By working in partnerships, zoos and other conservation agencies can achieve real results in the wild.
Involvement in Recovery Plans, State and Federal, is the embodiment of the Taronga's commitment to conservation in Australasia. Recovery Plans are multi-disciplinary, multi-faceted and invariably aimed at recovering biodiversity, whether by ameliorating direct threats to a species, or recovering habitat by planting trees or removing weeds. They are usually led by the relevant wildlife agency but the team determines whether the recovery plan needs a captive component, and the nature of that need.
Zoo involvement in the recovery effort is not restricted to captive breeding, though when release to the wild is being contemplated the development of husbandry protocols and genetic management of the captive population may be the primary zoo role. In some instances, however, zoo involvement is precautionary; the recovery team may recommend setting up a captive population just to make sure that enough is known about the process to ensure the knowledge and techniques are available if there is a crisis and the wild population must be augmented.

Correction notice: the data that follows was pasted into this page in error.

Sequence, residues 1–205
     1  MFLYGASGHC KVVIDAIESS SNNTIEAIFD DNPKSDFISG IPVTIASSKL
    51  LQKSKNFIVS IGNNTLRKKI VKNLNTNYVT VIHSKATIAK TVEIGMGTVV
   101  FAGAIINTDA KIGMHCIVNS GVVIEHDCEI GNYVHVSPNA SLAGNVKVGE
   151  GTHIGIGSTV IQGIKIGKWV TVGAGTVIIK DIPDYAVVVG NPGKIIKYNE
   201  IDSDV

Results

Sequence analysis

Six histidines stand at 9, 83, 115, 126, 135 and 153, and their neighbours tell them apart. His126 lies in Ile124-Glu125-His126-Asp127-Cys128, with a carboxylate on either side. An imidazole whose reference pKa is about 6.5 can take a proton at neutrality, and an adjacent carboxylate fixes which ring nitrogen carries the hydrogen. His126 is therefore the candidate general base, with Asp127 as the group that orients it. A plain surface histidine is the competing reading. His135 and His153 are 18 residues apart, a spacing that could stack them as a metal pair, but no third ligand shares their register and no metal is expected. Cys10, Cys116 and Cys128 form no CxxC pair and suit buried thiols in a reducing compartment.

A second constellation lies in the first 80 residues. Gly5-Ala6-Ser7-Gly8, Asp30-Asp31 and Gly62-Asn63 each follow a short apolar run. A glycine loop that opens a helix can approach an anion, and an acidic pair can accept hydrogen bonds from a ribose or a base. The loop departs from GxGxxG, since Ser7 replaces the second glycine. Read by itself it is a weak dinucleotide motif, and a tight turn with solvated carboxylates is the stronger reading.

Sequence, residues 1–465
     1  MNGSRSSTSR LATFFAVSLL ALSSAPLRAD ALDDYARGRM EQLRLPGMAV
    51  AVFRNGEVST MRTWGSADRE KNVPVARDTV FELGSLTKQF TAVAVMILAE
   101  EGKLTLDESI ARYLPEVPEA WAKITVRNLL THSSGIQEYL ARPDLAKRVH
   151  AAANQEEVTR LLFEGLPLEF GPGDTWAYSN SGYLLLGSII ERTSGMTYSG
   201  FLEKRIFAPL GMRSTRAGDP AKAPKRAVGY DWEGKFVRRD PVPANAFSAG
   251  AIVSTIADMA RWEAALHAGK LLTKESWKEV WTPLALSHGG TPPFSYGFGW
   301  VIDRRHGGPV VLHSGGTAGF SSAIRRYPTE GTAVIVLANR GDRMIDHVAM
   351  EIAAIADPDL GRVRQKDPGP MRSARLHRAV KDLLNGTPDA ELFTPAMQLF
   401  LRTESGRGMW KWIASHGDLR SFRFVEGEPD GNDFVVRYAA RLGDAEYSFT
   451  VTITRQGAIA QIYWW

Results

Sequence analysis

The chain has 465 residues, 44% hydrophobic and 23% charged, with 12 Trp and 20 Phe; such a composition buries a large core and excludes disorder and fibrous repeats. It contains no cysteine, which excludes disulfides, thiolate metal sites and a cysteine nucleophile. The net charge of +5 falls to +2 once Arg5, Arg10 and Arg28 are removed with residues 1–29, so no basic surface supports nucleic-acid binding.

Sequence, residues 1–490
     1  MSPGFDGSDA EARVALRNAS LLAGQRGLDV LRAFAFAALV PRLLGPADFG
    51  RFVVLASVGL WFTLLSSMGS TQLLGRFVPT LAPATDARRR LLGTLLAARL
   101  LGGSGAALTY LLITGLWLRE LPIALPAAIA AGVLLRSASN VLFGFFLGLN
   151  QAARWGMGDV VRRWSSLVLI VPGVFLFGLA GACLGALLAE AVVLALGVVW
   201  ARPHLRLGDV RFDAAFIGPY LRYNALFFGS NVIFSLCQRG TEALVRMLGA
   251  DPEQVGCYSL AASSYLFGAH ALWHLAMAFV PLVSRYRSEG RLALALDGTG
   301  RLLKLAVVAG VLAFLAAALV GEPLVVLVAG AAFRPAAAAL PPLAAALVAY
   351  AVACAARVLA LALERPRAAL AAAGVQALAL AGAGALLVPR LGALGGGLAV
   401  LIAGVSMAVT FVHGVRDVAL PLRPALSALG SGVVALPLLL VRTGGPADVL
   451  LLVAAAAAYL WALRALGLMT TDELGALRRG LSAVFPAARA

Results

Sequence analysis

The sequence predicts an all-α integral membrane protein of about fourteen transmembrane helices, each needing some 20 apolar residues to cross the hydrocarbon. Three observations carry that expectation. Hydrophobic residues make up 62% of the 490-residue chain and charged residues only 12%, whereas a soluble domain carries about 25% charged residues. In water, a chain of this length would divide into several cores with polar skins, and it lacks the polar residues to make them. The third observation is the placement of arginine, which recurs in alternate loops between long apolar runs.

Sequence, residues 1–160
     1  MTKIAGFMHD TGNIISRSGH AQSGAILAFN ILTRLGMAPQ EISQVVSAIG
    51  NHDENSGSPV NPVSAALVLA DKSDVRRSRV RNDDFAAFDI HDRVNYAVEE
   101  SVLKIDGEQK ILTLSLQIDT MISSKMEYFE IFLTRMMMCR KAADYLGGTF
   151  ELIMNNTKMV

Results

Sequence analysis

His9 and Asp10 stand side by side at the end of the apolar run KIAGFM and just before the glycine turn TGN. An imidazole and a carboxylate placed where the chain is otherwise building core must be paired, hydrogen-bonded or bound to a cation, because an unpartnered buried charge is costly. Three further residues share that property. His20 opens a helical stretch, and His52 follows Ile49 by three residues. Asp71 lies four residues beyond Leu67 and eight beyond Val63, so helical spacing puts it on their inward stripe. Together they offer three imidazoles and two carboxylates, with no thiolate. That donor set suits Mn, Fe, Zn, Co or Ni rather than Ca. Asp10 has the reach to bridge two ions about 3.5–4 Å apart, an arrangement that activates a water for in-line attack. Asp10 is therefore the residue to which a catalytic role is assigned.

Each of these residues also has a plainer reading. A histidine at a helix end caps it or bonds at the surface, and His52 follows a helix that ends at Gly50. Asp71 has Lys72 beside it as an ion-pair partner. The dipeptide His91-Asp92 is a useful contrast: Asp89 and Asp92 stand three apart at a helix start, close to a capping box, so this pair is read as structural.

Taronga currently assists with a range of other programs
The Tasmanian Devil is disappearing at alarming rate, ravaged by a contagious facial tumour disease. Working with over 30 zoos and fauna parks, Taronga is helping to save this unique marsupial through a special breeding program.
This tiny amphibian is highly recognisable by its striking yellow and black markings. There may be fewer than 120 surviving in the high alpine ponds of Kosciuszko National Park.
This smallest species of penguin has beautiful blue feathers on its back and is found as close to Taronga Zoo as North Sydney Harbour, where human activity threatens its breeding colony.
Malleefowl are losing habitat to agriculture and the remaining birds are under threat from pets. Taronga Zoo has joined with the NSW government to save this wonderful native species.
Have you seen this beautiful bird? It's one of Australia's most endangered. Taronga is helping to rebuild its population and restore its favourite woodland habitat. You too can help - by asking retailers where their firewood comes from and saying “No” to timber from Box-Ironbark trees.
Like many animals that live in urban areas, the Long-nosed Bandicoot is at risk from cars and pets. Taronga is planning a breeding program that will help replenish their numbers.
During the early 20th century hunters slaughtered this wallaby, killing it for fur and as a farm pest, but Taronga’s breeding program means the 21st century will be brighter for the species.